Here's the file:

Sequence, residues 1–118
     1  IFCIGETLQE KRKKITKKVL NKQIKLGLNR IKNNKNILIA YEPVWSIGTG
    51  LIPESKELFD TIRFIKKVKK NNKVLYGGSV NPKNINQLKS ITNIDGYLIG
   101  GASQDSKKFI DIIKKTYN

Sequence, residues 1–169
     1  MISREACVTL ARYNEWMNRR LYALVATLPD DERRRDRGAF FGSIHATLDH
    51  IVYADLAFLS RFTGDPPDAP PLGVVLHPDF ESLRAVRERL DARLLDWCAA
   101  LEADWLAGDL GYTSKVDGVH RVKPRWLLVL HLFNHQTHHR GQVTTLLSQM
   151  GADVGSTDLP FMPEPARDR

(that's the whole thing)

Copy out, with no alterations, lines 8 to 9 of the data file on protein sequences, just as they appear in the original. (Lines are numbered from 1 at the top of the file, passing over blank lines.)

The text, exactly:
   101  LEADWLAGDL GYTSKVDGVH RVKPRWLLVL HLFNHQTHHR GQVTTLLSQM
   151  GADVGSTDLP FMPEPARDR